Flooding along the main channel provides pools for fish, amphibians and reptiles. The Mormon soldiers leaving Mexico for California followed its fresh water and abundant wildlife northward.
Numerous trails parallel the river for a distance of nearly 30 miles. There is a convenient short interpretive loop that begins at the San Pedro House, and occasional guided tours. Schedules are available at the store or by phoning 520-458-3559. There is a great birding bookstore/giftshop in the San Pedro House just off Hwy 90 at the main entrance to the conservation area.
The Bureau of Land Management set aside 40 miles of the Upper San Pedro in 1988 which is located about 20 miles from Double Adobe. Two thirds of the inland species of birds in North America have been sighted here. The river is an important migratory corridor for thousands of birds. Trails offer chances for Vermillion Flycatchers, Green Kingfishers, Grey Hawks, Crissal Thrashers, Abert’s Towhee and a variety of Warblers.
BIRD Lists specific the San Pedro River and to the marked locations below are available.
Send $2 per list, or request three lists for $5. Please send your personal check or money order with a stamped (.39) return envelope to:
Great River Publishing
W987 Cedar Valley Road
Stoddard, WI 54658
The folks at Double Adobe recommend these SE birding hotspots, all easily accessible from Double Adobe Campground & Recreational Ranch. The distance from Double Adobe is noted for each park. Locations are also noted in YELLOW on the map at the top of the page.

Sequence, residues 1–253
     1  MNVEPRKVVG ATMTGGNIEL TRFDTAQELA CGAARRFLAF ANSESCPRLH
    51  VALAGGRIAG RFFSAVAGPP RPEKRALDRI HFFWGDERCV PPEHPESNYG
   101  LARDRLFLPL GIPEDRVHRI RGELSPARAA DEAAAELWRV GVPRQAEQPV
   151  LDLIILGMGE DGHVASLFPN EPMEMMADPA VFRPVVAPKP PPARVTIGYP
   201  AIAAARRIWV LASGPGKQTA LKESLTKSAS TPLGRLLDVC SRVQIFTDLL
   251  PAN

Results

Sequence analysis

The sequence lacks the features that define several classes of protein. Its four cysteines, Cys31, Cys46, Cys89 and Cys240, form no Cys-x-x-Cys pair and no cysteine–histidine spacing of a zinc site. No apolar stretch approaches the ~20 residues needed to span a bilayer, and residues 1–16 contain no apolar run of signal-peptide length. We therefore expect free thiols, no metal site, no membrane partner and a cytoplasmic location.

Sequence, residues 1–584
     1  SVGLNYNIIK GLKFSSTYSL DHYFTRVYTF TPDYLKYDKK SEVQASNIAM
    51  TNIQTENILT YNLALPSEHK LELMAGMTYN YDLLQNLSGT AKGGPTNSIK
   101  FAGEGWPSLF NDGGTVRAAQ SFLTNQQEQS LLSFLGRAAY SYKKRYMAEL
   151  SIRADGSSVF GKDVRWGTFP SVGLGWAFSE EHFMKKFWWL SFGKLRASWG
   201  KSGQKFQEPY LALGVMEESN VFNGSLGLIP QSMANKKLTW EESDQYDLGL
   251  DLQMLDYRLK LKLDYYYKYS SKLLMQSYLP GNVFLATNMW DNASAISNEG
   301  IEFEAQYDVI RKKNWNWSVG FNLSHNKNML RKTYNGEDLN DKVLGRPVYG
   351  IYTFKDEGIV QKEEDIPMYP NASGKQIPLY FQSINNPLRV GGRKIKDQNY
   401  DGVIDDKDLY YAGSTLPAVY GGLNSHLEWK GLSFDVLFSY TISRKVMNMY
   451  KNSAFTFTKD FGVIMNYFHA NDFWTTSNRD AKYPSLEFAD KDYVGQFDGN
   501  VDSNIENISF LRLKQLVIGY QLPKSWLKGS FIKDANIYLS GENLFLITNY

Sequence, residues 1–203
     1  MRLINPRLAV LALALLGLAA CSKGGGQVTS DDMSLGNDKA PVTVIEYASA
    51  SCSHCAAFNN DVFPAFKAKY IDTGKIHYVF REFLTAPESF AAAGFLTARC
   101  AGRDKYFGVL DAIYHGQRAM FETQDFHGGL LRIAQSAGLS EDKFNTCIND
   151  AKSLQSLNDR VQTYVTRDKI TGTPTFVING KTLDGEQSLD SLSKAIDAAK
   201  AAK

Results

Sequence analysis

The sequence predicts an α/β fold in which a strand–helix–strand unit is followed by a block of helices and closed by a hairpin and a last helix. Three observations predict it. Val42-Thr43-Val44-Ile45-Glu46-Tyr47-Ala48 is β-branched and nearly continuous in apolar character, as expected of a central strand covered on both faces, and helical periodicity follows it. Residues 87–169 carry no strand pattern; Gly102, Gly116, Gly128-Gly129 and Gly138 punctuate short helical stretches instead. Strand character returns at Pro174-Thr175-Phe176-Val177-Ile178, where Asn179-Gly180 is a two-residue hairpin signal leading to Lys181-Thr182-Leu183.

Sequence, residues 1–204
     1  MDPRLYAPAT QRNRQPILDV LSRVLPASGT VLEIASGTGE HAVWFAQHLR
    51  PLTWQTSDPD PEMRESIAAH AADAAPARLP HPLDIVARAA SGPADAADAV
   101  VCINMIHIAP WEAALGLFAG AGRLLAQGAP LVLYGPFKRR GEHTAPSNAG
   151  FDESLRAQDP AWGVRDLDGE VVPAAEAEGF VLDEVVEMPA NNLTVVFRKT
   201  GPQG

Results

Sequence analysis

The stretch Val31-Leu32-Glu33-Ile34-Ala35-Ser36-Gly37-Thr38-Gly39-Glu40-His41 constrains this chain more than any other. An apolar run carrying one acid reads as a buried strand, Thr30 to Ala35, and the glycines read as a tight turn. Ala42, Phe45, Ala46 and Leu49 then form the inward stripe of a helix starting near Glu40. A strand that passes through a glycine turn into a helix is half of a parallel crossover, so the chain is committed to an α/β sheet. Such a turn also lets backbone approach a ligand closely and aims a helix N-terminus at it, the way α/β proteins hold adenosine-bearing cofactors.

This canyon in the Huachuca Mountains is part of the Coronado National Forest and is about 35 miles from Double Adobe. This is one of the most reliable spots for Buffbreasted Flycatcher, Red-faced Warbler, Yellow-eyed Junco, Red Crossbill, Pygmy Nuthatch, Stellars Jay and other high altitude birds.
Coronado National Memorial
Located on the Mexican border. This memorial is about 25 miles from the park. It contains all of the common mid-elevation birds of the area such as the Acorn Woodpecker, Gray-breasted Jay, House Finch and Bridled Titmouse. Two rare birds that visit the feeders are the White-eared Hummingbird and the Plain-capped Starthroat.
Garden Canyon on Fort Huachuca may be the prettiest in the Huachuca Mountains. Located a little over 40 miles from the park, the Scheelite Canyon trail is famous for Mexican Spotted Owls and Elegant Trogans. Further up Sawmill Canyon trail are Buffbreasted Flycatchers, Montezuma Quail, Sulphur-bellied Flycatchers and Red-faced Warblers. Northern Pygmy Owls are a possibility.
This canyon located in the Santa Rita Mountains is about 90 miles north-west of the park. Broad-billed hummingbirds are common at the Santa Rita Lodge feeders along with as many as 11 other species. Most of the Southeastern Arizona favorites can be found here including Elegant Trogon, Flammulated Owl and Buff-collared Nightjars.
Patagonia-Sonoita Creek Sanctuary
This riparian area, located about 70 miles from the park, is owned and operated by The Nature Conservancy and is one of the best birding spots in the southwest. The preserve provides habitat for over 200 species of flycatchers including kingbirds, phoebes, and the Northern Beardless Tyrannulet. Along the way, watch for Violet-crowned Hummingbirds and across the road look for Rose-throated Becards. During our December visit, we sighted a very rare Elegant Trogan.